President Barack Obama praised the capture of Boston Marathon bombing suspect Dzhokhar Tsarnaev Friday night, even as he mourned those who lost their lives. He also vowed to pursue answers for the victims about what happened and whether anyone provided assistance.
“Whatever they thought they could ultimately achieve, they’ve already failed,” the president said emphatically of the terrorists from the White House, where he had been monitoring reports from the scene all day. “They failed because the people of Boston refused to be intimidated. They failed because as Americans we refuse to be terrorized. They failed because we will not waiver from the character and the compassion and the values that define us as a country, nor will we break the bonds that hold us together as Americans.”
Obama said questions remain — why did young men who grew up and studied here resort to violence and did they receive any help? These are all things law enforcement agencies and his administration will continue investigating.
The president thanked law enforcement and sent prayers to the family of slain 26-year-old MIT police office Sean Collier as well as the other victims. Obama also admonished people who had jumped to conclusions on Twitter and elsewhere.
“There is a temptation to latch on to any bit of information, sometimes to jump to conclusions. ... It’s important that we do this right. ... That’s why we have investigations. That’s why we relentlessly gather the facts. That’s why we have courts. That’s why we take care not to rush to judgment. Not about the motivations of these individuals, certainly not about entire groups of people.”
Obama said the United States welcomes people from all religions and all ethnicities and should sustain that spirit. Other leaders weighed in with praise as well.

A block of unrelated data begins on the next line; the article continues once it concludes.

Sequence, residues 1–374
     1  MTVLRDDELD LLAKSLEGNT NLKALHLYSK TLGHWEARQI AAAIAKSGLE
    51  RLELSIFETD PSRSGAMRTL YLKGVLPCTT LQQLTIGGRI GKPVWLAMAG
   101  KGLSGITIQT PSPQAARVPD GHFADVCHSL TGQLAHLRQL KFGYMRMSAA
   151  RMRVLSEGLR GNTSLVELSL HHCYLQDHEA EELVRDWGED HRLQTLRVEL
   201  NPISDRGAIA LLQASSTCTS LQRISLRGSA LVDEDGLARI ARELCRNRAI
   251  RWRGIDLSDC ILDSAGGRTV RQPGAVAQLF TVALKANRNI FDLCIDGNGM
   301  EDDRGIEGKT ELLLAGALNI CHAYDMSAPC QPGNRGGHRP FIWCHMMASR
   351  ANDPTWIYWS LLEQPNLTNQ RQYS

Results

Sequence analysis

“Tonight, the thanks of a grateful nation go out to every single federal, state, and local law enforcement official who went above and beyond to apprehend the Boston bombing suspect,” Speaker John A. Boehner, R-Ohio, said in a statement. “This has been a long day and a long week, but along the way we have gained many examples of courage and character. Humbled and inspired, let us now turn all our thoughts and prayers to the victims and their families.”
Sen. Mitch McConnell, R-Ky., added: “We have marveled at the coordination, skill, and bravery of military, intelligence, and law enforcement officials at every level — from federal agents to suburban beat cops to the campus police officer at MIT who gave his life in the line of duty. Brave Americans serve us every day to thwart and prevent such attacks. We owe them a profound debt.”
A controversy already was brewing, however, with Sens. John McCain, R-Ariz., and Lindsey Graham, R-S.C., urging that the suspect be held as an enemy combatant.
“It is clear the events we have seen over the past few days in Boston were an attempt to kill American citizens and terrorize a major American city. The accused perpetrators of these acts were not common criminals attempting to profit from a criminal enterprise, but terrorist trying to injure, maim, and kill innocent Americans,” they said in a joint statement. “Now that the suspect is in custody, the last thing we should want is for him to remain silent. It is absolutely vital the suspect be questioned for intelligence gathering purposes. ... The least of our worries is a criminal trial which will likely be held years from now.”
Obama also made his first public remarks about the fertilizer plant explosion in West, Texas. The people there “are not forgotten,” he said, and will have all the resources they need. He added, “All in all this has been a tough week, but we’ve seen the character of our country once more.”
Vice President Joe Biden waits to conduct a mock swearing-in ceremony with Sen. Brian Schatz, D-Hawaii, in the Capitol's Old Senate Chamber, December 2, 2014. Schatz was sworn in to serve the remainder of his term since he was appointed to the seat after Sen. Daniel Inouye, D-Hawaii, passed away.